2007 Honda Pilot

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Key Specs
Our Take
Overview
Photos
Reviews
Safety & Recalls
Warranty & CPO
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Key Specs

of the 2007 Honda Pilot. Base trim shown.

Our Take

From the Cars.com Vehicle Test Team

The Good

  • Reputation for reliability
  • Abundant cargo space
  • Solid construction
  • Strong resale value
  • Carlike handling and refinement

The Bad

  • Lack of Low-range gearing
  • Short seat bottoms
  • Nonstandard radio controls
  • Occasional uncertainty in turns

Notable Features of the 2007 Honda Pilot

  • 244-hp V-6
  • Variable Cylinder Management V-6 available
  • Eight-passenger capacity
  • Tire pressure monitoring system
  • Navigation and entertainment options

2007 Honda Pilot Overview

By Cars.com Editors
Vehicle Overview
Honda launched the midsize Pilot sport utility vehicle for 2003, billing it as "not too big, not too small." Larger than the company's compact CR-V and youth-focused Element, the Pilot replaced Honda's Passport. It carries on largely unchanged for 2007.

The Pilot is powered by a 244-horsepower V-6 that operates via a drive-by-wire throttle system. All trim levels have a tire pressure monitoring system.

More standard features, including a Maintenance Minder and three-row side curtain airbags, went into 2006 models. A two-wheel-drive version with Variable Cylinder Management is available. The VCM system can automatically switch the Pilot's 3.5-liter V-6 between six- and three-cylinder modes to improve fuel economy.

Three versions are available: LX, EX and top-of-the-line EX-L. Honda's Vehicle Stability Assist electronic stability system and XM Satellite Radio are standard on all Pilots. A rear camera is integrated into models with a navigation system.


Exterior
Only modest bodyside cladding is used on the Pilot, which exhibits a clean look. The hood slopes down to a wide grille that is flanked by wraparound headlights. All models have body-colored bumpers and side moldings.

Unibody construction includes front and rear subframes. Equipped with a fully independent suspension, the Pilot has 8 inches of ground clearance for offroad treks. All 2007 models have fog lamps.


Interior
Up to eight occupants can fit inside the Pilot, which features 60/40-split, f...
Vehicle Overview
Honda launched the midsize Pilot sport utility vehicle for 2003, billing it as "not too big, not too small." Larger than the company's compact CR-V and youth-focused Element, the Pilot replaced Honda's Passport. It carries on largely unchanged for 2007.

The Pilot is powered by a 244-horsepower V-6 that operates via a drive-by-wire throttle system. All trim levels have a tire pressure monitoring system.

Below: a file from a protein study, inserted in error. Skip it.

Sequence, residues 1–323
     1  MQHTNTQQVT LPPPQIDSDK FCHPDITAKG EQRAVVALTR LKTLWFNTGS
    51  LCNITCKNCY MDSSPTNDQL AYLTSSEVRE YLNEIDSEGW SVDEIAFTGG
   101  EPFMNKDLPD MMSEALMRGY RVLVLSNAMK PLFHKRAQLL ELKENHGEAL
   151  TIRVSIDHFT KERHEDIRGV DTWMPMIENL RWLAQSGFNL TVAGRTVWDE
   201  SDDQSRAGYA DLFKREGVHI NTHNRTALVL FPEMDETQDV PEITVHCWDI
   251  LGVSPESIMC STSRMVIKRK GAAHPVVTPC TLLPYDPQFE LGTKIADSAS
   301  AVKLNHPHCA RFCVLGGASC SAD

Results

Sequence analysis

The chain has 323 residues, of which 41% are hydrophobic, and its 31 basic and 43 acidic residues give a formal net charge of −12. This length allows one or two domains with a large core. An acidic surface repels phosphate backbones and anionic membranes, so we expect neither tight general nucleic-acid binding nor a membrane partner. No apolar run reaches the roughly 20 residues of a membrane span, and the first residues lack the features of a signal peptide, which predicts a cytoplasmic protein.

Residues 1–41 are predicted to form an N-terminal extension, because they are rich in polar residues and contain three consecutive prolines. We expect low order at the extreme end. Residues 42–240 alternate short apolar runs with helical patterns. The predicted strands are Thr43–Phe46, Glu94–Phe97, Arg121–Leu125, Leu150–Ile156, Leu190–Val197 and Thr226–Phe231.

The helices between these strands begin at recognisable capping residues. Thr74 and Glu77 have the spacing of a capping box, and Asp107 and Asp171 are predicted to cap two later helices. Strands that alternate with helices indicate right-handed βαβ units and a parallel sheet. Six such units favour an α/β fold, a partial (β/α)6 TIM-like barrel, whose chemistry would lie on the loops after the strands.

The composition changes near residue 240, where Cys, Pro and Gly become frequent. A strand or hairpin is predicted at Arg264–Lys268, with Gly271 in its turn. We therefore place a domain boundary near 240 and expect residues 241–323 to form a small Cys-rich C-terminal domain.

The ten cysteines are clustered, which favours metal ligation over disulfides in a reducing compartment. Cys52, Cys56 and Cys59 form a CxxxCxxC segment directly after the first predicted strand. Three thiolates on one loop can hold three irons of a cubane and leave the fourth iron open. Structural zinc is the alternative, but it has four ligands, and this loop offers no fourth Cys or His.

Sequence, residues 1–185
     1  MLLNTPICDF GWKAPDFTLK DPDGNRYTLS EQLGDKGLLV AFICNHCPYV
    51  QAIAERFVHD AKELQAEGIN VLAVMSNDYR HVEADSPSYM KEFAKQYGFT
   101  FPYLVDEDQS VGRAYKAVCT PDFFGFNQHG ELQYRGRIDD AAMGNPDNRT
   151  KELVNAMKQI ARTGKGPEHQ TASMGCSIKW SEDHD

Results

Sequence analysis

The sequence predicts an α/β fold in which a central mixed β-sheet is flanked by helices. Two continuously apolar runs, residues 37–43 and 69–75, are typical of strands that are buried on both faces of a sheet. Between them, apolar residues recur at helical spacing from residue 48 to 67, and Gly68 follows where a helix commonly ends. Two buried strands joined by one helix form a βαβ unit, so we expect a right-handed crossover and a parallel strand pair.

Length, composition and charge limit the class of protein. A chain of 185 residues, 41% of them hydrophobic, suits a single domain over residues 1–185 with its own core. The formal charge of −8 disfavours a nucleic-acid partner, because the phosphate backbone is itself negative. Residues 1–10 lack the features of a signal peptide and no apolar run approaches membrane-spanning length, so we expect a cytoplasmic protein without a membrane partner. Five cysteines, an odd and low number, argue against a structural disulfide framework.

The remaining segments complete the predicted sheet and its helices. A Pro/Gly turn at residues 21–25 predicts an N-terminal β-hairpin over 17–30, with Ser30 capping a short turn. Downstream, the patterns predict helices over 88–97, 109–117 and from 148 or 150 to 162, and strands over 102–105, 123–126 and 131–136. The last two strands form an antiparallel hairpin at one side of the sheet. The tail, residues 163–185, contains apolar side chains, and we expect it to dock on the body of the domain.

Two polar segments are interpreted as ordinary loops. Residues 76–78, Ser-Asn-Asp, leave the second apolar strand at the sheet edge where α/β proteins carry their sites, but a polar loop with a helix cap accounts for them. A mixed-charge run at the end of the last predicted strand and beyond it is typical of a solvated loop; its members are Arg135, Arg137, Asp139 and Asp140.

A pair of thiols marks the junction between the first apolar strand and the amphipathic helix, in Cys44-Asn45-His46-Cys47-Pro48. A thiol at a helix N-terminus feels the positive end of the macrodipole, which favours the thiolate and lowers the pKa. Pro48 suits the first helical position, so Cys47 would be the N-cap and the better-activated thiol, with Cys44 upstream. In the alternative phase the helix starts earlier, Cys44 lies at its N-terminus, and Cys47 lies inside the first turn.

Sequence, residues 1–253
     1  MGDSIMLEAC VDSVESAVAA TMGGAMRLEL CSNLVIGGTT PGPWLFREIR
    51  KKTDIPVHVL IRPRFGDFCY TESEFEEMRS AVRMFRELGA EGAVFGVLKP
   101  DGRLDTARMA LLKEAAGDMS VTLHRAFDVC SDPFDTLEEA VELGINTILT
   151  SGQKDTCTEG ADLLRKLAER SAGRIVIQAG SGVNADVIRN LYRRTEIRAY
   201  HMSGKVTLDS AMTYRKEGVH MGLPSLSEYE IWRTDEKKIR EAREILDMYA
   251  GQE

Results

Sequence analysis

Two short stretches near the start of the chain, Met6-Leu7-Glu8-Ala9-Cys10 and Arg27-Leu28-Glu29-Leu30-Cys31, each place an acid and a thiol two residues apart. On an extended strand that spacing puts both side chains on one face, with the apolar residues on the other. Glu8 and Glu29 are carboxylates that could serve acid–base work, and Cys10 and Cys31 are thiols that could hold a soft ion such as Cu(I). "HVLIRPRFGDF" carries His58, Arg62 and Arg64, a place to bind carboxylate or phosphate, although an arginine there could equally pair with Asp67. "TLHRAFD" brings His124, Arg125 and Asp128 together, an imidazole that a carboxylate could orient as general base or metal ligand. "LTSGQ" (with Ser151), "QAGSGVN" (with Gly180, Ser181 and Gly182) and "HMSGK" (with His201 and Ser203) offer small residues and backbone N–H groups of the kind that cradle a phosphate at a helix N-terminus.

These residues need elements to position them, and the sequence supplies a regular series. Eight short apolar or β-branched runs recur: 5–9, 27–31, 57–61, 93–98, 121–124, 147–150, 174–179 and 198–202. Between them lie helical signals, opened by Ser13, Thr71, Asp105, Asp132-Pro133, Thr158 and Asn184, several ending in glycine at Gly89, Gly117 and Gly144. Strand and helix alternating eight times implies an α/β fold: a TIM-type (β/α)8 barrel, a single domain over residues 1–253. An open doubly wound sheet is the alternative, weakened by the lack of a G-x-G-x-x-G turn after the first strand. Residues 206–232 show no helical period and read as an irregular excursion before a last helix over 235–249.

More standard features, including a Maintenance Minder and three-row side curtain airbags, went into 2006 models. A two-wheel-drive version with Variable Cylinder Management is available. The VCM system can automatically switch the Pilot's 3.5-liter V-6 between six- and three-cylinder modes to improve fuel economy.

Three versions are available: LX, EX and top-of-the-line EX-L. Honda's Vehicle Stability Assist electronic stability system and XM Satellite Radio are standard on all Pilots. A rear camera is integrated into models with a navigation system.


Exterior
Only modest bodyside cladding is used on the Pilot, which exhibits a clean look. The hood slopes down to a wide grille that is flanked by wraparound headlights. All models have body-colored bumpers and side moldings.

Unibody construction includes front and rear subframes. Equipped with a fully independent suspension, the Pilot has 8 inches of ground clearance for offroad treks. All 2007 models have fog lamps.


Interior
Up to eight occupants can fit inside the Pilot, which features 60/40-split, folding seats in the second and third rows. Theater seating provides a better view for rear occupants. Leather upholstery is standard in the EX-L edition.

Maximum cargo volume totals 87.6 cubic feet. A 4-foot-wide sheet of plywood will fit flat on the floor. Options include a DVD-based navigation system and a rear-seat DVD entertainment system.


Under the Hood
The Pilot's 3.5-liter V-6 produces 244 hp and 240 pounds-feet of torque and runs on regular unleaded gasoline. A column-mounted lever controls the five-speed automatic transmission.

Safety
All-disc antilock brakes and side-impact airbags are standard. Driver position and passenger weight sensors control front-airbag deployment. Seat belt pretensioners and headrests are installed for all eight seating positions. Honda's Vehicle Stability Assist electronic stability system is standard on all Pilots.

Driving Impressions